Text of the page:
62

If you are not a member of the Bar of Maryland, you may not "practice, attempt to practice, or offer to practice law in the State unless admitted to the Bar." Maryland Business Occupations and Professions § 10-601. "Practicing law" includes "representing another person before a unit of the State government or of a political subdivision." Maryland Business ...


47

Another possible answer: The legal profession is a cartel, protected by laws. "Unlicensed/Unauthorized Practice of Law" is a big enough issue that its acronym (UPL) is well known among people who discuss law. Non-lawyers may decline to provide legal advice because they don't want to be charged with UPL. Likewise, as a matter of policy (at least in the U.S....


38

In most jurisdictions, practicing law without a bar license is a serious offence, which, inter alia, is the primary reason why a non-lawyer would use this disclaimer. Lawyers also use this disclaimer to avoid any 'constructive implication' of attorney-client relationship.


27

This is not legal advice. If I say "this is not legal advice", and you rely on what I say, and try to sue me if everything goes pear shaped, then a judge will laugh you out of court. If I don't say "this is not legal advice", there is a 99% chance that the judge will laugh you out of court. I'll cover the one percent.


15

What you are talking about here is the tort of negligent misstatement, a subset of the tort of negligence. First, there is no presumption in any jurisdiction that I am aware of that anyone is or is not a lawyer (or doctor, or engineer etc.). If people knew that you were, however, then it is reasonable that they would give your statements more weight then if ...


14

I'm a high school student. I've written around 43 answers so far, but there's a couple reasons I wouldn't want to answer the question... The situation is too specific There's too many details to consider, and lots of precedence that may change my thought Different jurisdictions Canadian law (which I know lots about), can be very different from Dutch, or ...


13

There's a few reasons, and I'm not sure that they've been covered thoroughly. Also, note that this relates to common law and an understanding of Western societies, rather than civil law systems. We live in an incredibly litigious society Making it clear that you should ask a lawyer, in the minds of those saying it, dispels the notion that you might infer a ...


10

The law is way more complicated than the layman fully comprehends. You didn't specify which country, but in the U.S. the legal system is full of precedents: previous case decisions from which a lawyer can argue your case or against your case. A non-lawyer will not know all the loopholes that may be important to your case, and they may not understand the ...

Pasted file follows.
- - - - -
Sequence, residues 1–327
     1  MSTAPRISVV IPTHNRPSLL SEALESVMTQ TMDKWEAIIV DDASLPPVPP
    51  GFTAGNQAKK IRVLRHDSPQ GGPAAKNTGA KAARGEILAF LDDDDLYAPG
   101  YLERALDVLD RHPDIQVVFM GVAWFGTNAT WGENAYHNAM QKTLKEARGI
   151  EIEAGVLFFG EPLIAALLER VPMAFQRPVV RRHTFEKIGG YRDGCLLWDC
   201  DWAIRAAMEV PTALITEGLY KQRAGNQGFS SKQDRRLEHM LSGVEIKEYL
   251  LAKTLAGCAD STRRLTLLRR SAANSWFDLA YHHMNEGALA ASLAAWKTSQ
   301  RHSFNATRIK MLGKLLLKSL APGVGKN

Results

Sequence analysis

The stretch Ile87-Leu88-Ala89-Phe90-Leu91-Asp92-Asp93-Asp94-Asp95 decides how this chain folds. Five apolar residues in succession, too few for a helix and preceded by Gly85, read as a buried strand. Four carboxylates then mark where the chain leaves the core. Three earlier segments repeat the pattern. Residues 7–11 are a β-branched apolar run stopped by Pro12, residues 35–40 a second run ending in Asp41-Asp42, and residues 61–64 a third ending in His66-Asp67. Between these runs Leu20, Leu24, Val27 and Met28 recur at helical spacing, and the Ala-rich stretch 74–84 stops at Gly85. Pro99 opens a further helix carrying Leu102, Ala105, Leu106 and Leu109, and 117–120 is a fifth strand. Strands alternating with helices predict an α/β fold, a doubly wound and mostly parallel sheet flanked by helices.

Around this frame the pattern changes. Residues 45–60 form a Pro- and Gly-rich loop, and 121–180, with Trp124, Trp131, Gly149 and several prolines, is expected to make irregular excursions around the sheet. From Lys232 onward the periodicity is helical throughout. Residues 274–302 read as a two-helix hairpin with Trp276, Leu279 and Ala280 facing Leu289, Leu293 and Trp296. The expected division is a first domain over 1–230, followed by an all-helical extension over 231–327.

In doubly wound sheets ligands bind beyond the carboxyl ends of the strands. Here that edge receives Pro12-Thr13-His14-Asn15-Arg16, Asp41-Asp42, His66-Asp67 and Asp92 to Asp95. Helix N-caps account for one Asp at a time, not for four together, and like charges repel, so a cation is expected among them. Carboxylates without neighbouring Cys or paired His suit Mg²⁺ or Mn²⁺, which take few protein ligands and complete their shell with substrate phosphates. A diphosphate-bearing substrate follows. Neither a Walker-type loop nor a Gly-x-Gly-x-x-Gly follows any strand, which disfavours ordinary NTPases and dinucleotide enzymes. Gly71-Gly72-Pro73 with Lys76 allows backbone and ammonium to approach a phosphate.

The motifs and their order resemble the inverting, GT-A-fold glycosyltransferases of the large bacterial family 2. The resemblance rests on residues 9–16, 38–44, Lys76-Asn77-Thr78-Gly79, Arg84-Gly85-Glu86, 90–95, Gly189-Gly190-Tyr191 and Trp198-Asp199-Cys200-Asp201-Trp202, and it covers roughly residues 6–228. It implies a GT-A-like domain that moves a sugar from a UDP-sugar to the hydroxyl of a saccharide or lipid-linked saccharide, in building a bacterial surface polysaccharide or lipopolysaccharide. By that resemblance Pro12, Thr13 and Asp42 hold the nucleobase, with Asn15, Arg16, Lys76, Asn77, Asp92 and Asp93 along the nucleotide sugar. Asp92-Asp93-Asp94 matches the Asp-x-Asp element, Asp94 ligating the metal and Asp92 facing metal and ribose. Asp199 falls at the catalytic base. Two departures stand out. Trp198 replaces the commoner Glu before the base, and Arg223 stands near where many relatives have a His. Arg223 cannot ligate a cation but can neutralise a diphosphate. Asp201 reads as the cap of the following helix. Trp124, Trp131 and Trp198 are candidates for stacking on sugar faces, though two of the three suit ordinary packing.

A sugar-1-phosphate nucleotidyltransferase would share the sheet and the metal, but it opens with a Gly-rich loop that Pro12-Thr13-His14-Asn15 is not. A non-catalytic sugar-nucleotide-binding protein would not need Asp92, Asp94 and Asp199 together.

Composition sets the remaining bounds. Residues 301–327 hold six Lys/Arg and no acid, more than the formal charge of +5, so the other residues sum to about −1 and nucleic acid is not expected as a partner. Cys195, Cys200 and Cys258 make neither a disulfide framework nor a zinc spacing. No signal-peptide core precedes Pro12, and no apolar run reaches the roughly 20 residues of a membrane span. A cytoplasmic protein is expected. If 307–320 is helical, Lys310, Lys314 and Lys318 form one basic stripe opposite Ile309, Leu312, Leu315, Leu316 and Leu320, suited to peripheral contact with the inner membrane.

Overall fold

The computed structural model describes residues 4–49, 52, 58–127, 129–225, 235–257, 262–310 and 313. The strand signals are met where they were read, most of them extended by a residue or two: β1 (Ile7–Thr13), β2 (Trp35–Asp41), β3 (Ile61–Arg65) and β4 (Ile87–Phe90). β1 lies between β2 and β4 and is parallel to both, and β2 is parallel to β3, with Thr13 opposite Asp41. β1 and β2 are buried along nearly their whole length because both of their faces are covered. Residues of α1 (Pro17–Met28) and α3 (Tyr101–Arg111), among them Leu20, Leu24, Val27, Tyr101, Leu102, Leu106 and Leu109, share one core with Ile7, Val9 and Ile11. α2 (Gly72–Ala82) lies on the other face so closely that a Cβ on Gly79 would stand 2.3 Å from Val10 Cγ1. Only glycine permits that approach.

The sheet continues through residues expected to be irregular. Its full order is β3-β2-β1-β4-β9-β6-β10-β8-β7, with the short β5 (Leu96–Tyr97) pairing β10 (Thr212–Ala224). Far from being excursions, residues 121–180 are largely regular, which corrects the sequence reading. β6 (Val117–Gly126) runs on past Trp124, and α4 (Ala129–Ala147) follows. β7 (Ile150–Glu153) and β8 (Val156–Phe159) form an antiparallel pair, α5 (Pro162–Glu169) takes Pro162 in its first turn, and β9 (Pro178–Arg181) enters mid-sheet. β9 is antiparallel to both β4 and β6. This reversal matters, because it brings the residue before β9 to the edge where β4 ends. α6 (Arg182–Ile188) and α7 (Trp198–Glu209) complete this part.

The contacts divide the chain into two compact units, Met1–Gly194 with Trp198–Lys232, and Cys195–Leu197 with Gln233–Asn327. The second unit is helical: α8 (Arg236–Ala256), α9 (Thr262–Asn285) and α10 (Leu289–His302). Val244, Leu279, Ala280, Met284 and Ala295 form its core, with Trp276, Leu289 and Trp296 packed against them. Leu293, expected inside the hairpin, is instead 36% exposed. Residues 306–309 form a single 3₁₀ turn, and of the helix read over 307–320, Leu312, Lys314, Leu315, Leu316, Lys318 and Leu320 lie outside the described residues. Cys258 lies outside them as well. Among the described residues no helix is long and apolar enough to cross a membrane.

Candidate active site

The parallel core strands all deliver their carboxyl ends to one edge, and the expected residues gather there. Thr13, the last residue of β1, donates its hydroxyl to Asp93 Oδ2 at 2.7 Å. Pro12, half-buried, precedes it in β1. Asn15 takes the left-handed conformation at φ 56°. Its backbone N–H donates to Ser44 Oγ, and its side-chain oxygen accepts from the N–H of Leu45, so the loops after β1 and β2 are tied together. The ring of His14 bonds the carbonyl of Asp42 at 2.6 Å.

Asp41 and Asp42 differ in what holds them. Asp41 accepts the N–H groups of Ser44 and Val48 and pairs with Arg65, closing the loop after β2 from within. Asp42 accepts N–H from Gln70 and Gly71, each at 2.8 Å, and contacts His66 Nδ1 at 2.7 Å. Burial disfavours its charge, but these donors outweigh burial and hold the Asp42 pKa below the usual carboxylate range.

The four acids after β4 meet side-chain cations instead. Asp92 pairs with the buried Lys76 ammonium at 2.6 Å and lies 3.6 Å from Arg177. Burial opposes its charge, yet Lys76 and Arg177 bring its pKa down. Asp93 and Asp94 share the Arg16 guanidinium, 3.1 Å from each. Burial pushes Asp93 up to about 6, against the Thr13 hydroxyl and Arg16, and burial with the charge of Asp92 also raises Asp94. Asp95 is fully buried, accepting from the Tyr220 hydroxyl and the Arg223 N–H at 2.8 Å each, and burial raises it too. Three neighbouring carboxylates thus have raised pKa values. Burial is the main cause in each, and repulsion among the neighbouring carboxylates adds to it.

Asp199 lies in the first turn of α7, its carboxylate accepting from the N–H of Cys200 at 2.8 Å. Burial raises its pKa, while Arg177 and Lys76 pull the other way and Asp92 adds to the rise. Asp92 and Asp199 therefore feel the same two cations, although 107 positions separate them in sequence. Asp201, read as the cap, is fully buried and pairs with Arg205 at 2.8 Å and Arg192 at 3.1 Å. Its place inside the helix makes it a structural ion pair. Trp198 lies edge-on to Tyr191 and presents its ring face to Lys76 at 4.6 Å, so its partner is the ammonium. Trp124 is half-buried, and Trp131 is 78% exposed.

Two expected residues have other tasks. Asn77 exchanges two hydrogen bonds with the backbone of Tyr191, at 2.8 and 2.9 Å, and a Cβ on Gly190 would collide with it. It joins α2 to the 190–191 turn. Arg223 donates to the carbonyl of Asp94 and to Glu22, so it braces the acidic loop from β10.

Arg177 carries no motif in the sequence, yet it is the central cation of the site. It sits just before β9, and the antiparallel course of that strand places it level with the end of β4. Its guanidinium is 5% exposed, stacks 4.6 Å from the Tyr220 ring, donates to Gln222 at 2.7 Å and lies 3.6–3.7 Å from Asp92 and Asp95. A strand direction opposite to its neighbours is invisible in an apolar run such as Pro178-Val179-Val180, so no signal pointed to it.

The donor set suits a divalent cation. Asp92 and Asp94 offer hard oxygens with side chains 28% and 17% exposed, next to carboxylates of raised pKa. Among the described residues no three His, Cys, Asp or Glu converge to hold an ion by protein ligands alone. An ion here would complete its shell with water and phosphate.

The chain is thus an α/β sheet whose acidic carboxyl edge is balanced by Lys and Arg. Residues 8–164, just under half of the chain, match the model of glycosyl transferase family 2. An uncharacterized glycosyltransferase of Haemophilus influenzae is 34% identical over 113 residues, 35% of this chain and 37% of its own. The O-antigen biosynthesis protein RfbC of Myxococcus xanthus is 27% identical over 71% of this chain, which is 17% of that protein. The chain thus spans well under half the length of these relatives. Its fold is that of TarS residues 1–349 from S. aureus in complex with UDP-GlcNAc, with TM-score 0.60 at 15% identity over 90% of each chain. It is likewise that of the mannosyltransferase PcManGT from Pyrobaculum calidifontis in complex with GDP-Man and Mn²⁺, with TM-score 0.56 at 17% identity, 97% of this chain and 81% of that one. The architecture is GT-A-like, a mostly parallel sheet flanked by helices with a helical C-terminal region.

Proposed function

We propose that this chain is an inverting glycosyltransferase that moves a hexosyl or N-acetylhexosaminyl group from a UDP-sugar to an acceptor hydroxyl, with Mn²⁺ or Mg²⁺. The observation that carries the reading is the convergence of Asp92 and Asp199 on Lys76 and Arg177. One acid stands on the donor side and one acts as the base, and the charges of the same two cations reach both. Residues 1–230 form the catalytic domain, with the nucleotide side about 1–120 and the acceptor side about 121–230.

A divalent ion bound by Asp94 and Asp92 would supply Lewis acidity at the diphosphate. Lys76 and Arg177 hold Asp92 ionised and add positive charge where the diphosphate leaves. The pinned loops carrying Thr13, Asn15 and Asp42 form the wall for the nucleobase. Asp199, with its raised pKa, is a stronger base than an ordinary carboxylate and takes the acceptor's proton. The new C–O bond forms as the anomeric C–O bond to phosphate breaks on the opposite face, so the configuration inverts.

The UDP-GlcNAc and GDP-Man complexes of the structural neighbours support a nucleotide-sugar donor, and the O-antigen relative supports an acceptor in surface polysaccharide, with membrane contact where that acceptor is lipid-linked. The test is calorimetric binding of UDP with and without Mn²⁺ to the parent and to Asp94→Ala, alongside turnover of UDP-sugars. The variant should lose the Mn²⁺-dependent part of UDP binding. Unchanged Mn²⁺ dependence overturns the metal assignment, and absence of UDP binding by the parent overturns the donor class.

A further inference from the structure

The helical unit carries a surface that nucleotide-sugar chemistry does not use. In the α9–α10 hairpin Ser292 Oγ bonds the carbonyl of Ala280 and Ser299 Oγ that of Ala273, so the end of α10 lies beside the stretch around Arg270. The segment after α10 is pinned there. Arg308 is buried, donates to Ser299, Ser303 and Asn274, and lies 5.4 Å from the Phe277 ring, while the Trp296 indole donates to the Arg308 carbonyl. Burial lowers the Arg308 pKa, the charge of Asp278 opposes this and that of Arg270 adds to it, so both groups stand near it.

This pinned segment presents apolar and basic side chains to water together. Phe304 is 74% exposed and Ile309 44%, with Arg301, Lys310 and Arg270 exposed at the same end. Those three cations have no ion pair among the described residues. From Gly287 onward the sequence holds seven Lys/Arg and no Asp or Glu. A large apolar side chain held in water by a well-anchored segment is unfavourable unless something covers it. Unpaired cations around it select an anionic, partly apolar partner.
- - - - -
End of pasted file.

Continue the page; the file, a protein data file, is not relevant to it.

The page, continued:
8

If you're talking with a friend, a disclaimer like this should not be necessary, as they know you're not a lawyer, and you're just expressing lay opinion, personal anecdotes, etc. But if you're in a context where the audience doesn't know who you are, there's a possibility that they might assume you're qualified to dispense legal advice. For instance, this ...


7

Most advice that a lawyer gives is subjective; facts are objective but opinions are always subjective. What a lawyer does when they advise a client is typically called a "legal opinion". The reason it is subjective is that, as Dale M said, there are numerous variants that go into an opinion, and reasonably trained professionals (attorneys) can disagree as to ...


5

Yes, in general US prosecutors are licensed attorneys if they're practicing law. You don't necessarily technically need a license if your job is purely administrative, but to appear in court you do. They are subject to professional ethics requirements, and can be disbarred for violating them. There may be a state or two where they aren't licensed, but the ...


5

If someone who is not a lawyer is giving out legal advice, does it make any difference if they include a disclaimer along the lines of "this is not legal advice"? The purpose of this disclaimer is to prevent someone from unreasonably relying on the advice while thinking that they are reasonably relying on legal advice. If the person who gave you some advice ...


5

There is a world of legal difference between a doctor or counselor "pressing" you to consider meds and even suggesting several and them actually writing a prescription. The line to cross is a non-doctor writing you a prescription for prescription meds; this has not yet happened. And 99.99% of the time, it won't happen. The counselor is licensed by the state ...


4

Not in jurisdictions I am familiar with. A "Power of attorney" is a power to act as an attorney-in-fact, not to act as an attorney-at-law. A layperson practicing law for someone other than herself is usually the unauthorized practice of law and is illegal in most jurisdictions. It would be permissible if a jurisdiction carved out an exception for a ...


4